Katalina Simon is a British/Hungarian photographer whose work centers on the passage of time and cultural memory. Her interest in photography began when, as a child, she was told that taking pictures was not allowed in many public spaces in communist Hungary and she observed how precious photographs were to her family separated by the Iron Curtain.
We are thrilled to present an online conversation with Katalina about her exhibition, Land Beyond the Forest, hanging at our Griffin @ WinCam satellite gallery.
Join us online in the Griffin Zoom Room on August 20th, 2020 at 7pm Eastern Time for a overview of her work, her creativity and what is next for her photographically.
Simon’s photography emphasizes her strong connection with history and the mood of the environments she photographs. Her image making is only part of a larger goal of experiencing a place, learning about a new culture or community.
Katalina holds a BA in Russian from the University of Bristol in England and is a graduate of the Professional Photography Program at the New York Institute of Photography. She is an exhibited member of the Griffin Museum of Photography in Winchester, MA, PhotoPlace Gallery in Middlebury, Vermont and Fountain Street Gallery in Boston, MA.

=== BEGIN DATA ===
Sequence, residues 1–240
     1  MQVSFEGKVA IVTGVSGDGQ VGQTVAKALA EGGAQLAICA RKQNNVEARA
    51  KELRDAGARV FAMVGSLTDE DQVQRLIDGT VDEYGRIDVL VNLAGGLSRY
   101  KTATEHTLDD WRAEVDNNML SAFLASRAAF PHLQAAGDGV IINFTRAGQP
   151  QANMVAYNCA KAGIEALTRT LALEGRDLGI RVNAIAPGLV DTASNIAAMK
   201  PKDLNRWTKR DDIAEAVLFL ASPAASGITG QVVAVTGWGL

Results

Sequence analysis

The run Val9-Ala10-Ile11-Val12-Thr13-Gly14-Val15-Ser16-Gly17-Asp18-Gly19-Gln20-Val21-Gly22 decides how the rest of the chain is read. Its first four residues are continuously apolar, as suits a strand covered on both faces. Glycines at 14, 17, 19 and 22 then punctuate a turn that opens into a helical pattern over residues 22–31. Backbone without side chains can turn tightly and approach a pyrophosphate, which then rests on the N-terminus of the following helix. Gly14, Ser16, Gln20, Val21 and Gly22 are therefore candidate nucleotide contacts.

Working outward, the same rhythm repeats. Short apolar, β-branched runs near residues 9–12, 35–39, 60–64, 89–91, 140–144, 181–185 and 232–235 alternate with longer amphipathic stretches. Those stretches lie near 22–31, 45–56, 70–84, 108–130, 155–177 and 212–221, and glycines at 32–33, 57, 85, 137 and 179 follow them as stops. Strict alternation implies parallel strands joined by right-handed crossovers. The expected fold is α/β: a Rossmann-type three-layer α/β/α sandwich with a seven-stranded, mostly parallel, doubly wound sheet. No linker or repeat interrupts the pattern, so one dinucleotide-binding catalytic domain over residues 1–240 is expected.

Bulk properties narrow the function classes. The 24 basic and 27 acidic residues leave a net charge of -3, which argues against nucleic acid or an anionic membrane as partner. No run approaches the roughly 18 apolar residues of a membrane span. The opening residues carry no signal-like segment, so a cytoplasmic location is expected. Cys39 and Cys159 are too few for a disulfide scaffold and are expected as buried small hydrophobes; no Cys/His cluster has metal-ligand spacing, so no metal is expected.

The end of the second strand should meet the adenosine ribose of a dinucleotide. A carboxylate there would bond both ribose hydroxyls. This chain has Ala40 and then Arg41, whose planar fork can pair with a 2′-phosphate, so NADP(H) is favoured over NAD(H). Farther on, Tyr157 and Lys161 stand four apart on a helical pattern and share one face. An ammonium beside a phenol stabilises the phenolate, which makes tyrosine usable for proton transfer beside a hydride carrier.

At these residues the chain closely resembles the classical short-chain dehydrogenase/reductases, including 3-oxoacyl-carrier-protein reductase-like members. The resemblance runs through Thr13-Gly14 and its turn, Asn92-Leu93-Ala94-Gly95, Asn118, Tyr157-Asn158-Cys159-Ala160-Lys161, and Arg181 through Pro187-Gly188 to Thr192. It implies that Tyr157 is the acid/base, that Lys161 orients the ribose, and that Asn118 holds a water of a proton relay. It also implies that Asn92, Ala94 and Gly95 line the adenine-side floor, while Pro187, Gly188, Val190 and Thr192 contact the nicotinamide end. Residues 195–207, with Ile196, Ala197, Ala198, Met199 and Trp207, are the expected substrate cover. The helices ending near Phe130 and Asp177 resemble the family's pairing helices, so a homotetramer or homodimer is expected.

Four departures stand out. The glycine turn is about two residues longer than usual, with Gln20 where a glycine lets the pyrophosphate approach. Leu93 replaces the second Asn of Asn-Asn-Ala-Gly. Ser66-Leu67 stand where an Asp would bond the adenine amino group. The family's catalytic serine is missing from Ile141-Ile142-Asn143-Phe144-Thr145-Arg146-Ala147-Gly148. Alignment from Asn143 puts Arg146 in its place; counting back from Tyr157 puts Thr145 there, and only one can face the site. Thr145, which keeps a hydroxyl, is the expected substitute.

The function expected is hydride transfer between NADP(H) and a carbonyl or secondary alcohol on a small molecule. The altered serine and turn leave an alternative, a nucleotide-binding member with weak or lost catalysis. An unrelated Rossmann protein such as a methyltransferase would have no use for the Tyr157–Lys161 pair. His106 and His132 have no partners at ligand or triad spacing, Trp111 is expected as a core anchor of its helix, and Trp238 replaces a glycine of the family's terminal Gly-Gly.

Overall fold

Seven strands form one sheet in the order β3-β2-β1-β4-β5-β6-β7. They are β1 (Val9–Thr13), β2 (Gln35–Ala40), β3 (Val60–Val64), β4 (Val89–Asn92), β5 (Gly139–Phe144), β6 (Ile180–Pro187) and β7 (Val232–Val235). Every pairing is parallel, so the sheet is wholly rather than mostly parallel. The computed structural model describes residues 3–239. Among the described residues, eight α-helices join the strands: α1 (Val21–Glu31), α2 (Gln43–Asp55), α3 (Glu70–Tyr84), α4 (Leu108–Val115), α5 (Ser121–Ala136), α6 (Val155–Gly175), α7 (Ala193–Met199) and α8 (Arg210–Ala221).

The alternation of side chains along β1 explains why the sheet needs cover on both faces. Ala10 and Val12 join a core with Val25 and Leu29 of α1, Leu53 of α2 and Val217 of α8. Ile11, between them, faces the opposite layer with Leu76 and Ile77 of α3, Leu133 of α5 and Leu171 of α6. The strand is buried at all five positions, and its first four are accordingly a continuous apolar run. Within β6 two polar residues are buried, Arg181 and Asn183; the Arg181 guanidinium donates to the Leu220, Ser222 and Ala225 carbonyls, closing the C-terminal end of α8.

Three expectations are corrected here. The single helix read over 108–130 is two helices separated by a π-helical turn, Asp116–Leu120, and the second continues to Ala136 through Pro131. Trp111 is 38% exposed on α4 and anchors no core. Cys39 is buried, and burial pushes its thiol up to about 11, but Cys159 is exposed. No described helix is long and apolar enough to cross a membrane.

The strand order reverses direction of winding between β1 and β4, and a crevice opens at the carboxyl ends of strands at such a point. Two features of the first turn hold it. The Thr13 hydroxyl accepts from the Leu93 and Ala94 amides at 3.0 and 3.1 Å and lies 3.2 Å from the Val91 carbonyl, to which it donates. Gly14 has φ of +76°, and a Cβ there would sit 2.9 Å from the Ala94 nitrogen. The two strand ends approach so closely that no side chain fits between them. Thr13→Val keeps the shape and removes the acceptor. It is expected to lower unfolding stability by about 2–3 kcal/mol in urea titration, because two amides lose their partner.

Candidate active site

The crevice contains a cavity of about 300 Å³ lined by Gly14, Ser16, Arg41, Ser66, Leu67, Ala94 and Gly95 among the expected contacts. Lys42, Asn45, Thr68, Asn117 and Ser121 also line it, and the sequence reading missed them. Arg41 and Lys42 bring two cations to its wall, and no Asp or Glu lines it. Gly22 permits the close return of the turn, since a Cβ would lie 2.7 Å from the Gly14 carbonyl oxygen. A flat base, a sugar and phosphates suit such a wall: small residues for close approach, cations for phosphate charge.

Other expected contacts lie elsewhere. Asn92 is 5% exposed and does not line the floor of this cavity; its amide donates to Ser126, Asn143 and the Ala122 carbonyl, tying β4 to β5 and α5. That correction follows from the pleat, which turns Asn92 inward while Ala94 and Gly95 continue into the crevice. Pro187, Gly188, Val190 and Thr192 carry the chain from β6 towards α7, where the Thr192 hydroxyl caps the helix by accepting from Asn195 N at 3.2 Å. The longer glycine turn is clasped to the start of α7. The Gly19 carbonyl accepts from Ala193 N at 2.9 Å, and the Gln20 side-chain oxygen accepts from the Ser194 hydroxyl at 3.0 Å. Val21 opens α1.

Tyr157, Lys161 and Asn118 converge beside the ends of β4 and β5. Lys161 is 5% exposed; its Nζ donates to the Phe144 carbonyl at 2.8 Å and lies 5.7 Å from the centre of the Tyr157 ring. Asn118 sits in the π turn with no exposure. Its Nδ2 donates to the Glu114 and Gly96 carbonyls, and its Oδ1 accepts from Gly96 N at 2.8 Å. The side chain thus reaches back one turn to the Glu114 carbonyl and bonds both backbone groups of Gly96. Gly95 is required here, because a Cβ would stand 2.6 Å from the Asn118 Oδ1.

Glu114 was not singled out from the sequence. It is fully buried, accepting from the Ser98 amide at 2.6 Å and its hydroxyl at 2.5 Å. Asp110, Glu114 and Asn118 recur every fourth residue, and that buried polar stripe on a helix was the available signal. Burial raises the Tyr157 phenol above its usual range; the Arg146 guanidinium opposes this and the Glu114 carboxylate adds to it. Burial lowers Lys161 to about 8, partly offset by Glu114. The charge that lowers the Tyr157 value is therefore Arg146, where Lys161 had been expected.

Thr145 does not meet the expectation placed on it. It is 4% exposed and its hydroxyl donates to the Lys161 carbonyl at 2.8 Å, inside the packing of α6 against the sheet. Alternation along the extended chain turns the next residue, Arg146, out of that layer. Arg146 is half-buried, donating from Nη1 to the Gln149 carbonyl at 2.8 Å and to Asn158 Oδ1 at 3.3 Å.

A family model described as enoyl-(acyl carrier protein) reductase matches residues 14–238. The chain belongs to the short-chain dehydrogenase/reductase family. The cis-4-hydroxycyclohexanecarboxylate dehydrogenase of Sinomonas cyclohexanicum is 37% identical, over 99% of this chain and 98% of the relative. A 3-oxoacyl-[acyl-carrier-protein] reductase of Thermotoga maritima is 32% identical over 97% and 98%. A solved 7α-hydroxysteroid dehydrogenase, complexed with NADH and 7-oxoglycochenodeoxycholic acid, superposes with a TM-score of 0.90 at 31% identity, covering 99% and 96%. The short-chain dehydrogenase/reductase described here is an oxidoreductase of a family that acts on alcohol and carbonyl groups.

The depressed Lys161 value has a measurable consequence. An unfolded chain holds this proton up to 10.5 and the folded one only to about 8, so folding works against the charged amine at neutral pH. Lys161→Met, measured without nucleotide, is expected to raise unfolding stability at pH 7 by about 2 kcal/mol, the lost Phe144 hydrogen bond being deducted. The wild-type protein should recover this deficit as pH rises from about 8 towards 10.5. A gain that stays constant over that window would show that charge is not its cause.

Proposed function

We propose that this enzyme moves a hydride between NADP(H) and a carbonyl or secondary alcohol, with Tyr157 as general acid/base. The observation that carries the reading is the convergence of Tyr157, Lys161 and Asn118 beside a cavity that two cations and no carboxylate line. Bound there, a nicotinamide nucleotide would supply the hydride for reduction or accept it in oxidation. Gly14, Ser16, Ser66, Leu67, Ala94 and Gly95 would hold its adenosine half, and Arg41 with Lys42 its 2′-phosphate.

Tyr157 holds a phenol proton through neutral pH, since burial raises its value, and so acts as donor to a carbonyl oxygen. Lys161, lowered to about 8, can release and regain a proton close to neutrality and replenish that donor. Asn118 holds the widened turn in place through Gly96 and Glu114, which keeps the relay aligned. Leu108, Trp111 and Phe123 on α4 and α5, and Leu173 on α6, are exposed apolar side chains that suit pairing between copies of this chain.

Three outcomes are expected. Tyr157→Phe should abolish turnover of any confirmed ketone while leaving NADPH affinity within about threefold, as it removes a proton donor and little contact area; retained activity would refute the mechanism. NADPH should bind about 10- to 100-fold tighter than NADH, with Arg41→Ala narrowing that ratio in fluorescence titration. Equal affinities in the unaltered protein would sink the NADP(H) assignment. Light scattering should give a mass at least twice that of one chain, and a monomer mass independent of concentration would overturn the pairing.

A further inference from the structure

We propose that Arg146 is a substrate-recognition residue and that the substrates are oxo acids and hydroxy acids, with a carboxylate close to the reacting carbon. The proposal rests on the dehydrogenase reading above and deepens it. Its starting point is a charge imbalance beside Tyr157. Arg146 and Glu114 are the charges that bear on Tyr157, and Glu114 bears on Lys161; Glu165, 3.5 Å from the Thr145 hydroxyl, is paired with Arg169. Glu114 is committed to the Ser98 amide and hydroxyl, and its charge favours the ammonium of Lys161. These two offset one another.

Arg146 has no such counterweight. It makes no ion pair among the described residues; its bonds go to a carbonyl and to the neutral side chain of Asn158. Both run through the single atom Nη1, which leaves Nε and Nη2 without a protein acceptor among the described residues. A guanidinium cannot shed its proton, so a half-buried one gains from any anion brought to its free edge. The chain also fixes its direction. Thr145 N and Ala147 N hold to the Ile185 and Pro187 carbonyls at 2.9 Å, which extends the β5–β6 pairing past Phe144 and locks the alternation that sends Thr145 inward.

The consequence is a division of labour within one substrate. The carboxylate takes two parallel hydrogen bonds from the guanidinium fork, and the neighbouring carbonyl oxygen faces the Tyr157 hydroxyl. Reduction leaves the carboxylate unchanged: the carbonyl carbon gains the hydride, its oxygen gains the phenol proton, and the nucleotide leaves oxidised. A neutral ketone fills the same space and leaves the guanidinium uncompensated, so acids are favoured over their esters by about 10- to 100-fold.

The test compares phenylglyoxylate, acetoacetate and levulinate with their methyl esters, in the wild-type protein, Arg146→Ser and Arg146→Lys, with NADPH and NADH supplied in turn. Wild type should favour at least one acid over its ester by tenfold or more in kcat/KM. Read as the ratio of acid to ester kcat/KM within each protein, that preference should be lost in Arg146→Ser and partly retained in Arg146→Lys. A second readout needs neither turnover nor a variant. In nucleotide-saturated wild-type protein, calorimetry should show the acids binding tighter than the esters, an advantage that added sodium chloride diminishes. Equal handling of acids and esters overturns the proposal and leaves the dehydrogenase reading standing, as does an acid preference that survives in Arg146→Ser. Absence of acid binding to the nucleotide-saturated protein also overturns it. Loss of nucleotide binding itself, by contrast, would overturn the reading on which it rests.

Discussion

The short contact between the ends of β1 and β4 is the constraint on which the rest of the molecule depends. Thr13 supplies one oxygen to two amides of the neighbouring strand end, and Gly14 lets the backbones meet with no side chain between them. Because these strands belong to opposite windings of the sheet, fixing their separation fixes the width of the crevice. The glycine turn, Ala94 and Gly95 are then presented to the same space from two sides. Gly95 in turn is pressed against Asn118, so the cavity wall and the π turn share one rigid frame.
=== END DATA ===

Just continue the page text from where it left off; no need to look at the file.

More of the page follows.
About Land Beyond the Forest –
The Land Beyond the Forest is an ongoing series depicting a fading way of life in rural Transylvania. This mountainous and remote region of Eastern Europe is steeped in history and lore. The rugged Carpathian Mountains kept invaders at bay and kept the remote villages isolated from the passage of time.
I am drawn time and again to this region and these people because it reminds me of a way of life that I experienced at my grandparent’s village in Hungary every summer. As a child, I was oblivious to the hardships that people faced and experienced only kindness and warmth. With my camera I work to recapture this feeling of storybook wonder and show domestic tableaux and rural people as I remember them.
For this exhibition I am focusing on the last generation of women who live this traditional rural life. My hope is to show the magic and poetry of the women who inhabit the “The Land Beyond the Forest.”